TV or Movie “Development” and “Marketing” Fraud
Do you have an idea for a new televisions show or movie? Beware of a company claiming it can help “develop” or market your concept for sale or license to the TV networks or movie studios. Any company implying it has certain ties to the TV networks or movie studios could be a fraud. You may get scammed out of money without gaining in return any chance of actual success.
What happens if you have already paid money to a phony “idea development” and “marketing” company?
Our law firm will aggressively pursue claims for fraud, deceit and breach of contract against any company that does wrong. We offer a FREE legal consultation into your legal rights and remedies. Just call our hotline: 412.780.0008. Our lawyers are standing by to review your case.
What “red flags” do we look for?
First of all, we look at whether a company has asked for a significant amount of money (over $400) to review your concept. A reputable literary or television agent will earn his or her fee primarily from negotiating deals with studios or networks, not reviewing ideas submitted by amateurs. It is always a red flag when the company claiming a connection with studios and promoting new shows makes a slick demand for money upfront.
Secondly, we look at the promises made.
Any credibly literary agent will tell you how incredibly difficult it is to succeed in the TV industry, and perhaps even discourage you from trying to pitch your idea, unless your idea speaks for itself.
Insiders know that no one person knows how to “develop” at TV concept better than anyone else, except, of course, someone who actually produces TV shows or movies for a living and has had a string of successes. Otherwise, the company promising to “develop” your idea would develop its own ideas and be successful without you.
Hence, we are leery of anyone claiming that he can “develop” the idea of an aspiring concept builder for a new television show or movie. There is a different between agents (those who pitch ideas and negotiated deals for a living) and creative people. Chances are, any faceless company claiming it can both “develop” and “market” your idea is a scam.
Where there’s smoke, there’s fire.
The scammer may be a total fraud by never actually intending to provide in good faith the “services” it offers, such as gathering “audience profile data,” making a trademark inquiry, or creating a portfolio concerning your idea. These may be scam services offered just to make you think that the scammer is “earning” its fee.
Next, we review the contract you were asked to sign.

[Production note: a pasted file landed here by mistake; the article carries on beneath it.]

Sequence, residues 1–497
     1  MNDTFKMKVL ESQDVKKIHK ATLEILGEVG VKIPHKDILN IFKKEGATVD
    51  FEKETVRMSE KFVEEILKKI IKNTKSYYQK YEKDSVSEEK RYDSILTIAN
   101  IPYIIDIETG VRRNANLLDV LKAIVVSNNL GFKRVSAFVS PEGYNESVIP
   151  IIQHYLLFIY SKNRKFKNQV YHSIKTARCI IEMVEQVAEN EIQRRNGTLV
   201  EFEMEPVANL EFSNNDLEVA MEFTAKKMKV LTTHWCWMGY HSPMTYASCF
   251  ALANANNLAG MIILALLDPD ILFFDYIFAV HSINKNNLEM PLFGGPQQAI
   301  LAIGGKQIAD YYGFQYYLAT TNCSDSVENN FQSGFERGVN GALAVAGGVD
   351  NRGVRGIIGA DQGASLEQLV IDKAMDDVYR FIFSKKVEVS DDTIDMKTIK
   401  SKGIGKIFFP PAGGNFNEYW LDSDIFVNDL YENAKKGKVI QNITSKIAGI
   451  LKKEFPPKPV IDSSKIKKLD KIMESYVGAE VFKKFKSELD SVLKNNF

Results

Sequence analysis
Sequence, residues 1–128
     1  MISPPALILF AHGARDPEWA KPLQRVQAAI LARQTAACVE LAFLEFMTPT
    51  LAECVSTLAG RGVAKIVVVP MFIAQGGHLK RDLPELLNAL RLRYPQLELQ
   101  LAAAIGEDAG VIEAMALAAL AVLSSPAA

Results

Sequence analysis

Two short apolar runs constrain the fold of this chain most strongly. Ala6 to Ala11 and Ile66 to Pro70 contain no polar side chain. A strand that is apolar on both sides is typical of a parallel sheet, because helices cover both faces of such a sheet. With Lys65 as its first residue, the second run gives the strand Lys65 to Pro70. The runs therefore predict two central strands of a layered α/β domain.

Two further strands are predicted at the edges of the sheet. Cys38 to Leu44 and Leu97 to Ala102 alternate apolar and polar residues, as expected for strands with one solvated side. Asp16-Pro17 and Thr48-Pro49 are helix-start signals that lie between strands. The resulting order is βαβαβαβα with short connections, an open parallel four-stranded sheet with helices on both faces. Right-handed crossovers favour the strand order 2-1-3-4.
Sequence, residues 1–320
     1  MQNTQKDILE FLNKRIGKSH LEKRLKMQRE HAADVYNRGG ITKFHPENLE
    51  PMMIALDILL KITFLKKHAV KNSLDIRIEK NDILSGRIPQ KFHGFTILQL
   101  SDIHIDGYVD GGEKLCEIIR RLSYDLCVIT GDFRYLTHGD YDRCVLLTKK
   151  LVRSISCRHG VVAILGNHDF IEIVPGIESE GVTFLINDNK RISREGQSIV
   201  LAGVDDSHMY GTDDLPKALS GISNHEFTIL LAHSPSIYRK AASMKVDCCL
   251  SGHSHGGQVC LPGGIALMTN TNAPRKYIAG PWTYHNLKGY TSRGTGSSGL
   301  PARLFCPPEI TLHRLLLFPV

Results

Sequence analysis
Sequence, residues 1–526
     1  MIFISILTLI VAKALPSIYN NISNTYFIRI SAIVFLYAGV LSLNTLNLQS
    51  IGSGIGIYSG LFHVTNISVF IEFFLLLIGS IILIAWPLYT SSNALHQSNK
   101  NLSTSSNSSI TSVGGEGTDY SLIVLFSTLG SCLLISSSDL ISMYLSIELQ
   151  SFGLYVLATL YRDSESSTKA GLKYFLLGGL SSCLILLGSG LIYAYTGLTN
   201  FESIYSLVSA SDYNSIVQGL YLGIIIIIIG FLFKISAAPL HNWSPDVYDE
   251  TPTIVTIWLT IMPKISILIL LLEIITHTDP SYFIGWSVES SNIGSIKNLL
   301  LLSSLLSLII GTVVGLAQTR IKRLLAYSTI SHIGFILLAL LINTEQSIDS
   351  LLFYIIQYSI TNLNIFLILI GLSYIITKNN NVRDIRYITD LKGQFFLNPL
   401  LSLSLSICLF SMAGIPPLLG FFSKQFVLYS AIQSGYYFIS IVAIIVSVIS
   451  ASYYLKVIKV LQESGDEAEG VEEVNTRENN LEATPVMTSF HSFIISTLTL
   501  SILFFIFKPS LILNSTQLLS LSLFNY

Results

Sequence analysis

A company that plans to scam you will be fairly careful to craft the agreement that you sign in a way that allows for the scammer to have an “out,” based on the express language of the contract it drafted. Hence, you must look very closely at the language of your contract and ask why particular language exists. This is where a good lawyer comes in handy.
You might, for example, see language in the agreement, saying that this contract is for a “commercial purpose” only. Why is that there? The scammer is trying to get around consumer protection laws, which protect consumers and amateur inventors and story creators from fraud and deceptive conduct. The scammer may know there is virtually no chance of commercial success from the “services“ it plans to offer (and hence this is really a scam on consumer), but the contract refers to the services as “commercial.” We challenge those clauses.
Your agreement may have language referring to the agreement itself a “trade secret” to scare you from sharing it with a lawyer, but you are always free to obtain legal advice and review any contract, before or after you signed it. Plus, if the scammer company has engaged in fraud, nothing in the contract may be enforced against you, anyway, if, for example, the scammer planned to deceive you all along and knew in advance that there was zero chance of you getting value from it services. The scammer may know in advance that you have zero chance of getting a licensor or licensee agreement via the scammer’s services, or know that the ”pitch” services offered by the scammer will have zero value.
The fraudulent company may also insert language into the contract so say that the scammer has “not evaluated” you concept in anyway (so they can charge a fee for promoting ideas that the scammer believes have zero chance of success). But wait, huh? How could the “idea developer” not evaluate your idea. That goes against the whole purpose of the agreement. How can the company “develop” or market an idea without first evaluating it? If see this language in your contract, it’s a huge red flag.
We scrutinize any agreement by a purported idea development company that operates as an individual, corporation or LLC.
What are your rights?
You may be entitled to the return or refund of your money, plus an award for punitive or treble (triple) damages plus attorney fees. You should have an attorney review this matter. Consider fighting to get you money back for the exploitation of your show concept, at the very least. Call our PA lawyers.
Where to file suit?
Your agreement may have a choice of law provision, requiring that you sue in Pennsylvania, for example. If so, great! That’s where our law firm is located and you can just call: 412.780.0008. We are experienced in handling invention scam and other fraud claims filed in Allegheny County, Pennsylvania.
Get a free consultation with our experienced Pittsburgh, PA attorneys:
We look forward to hearing from you!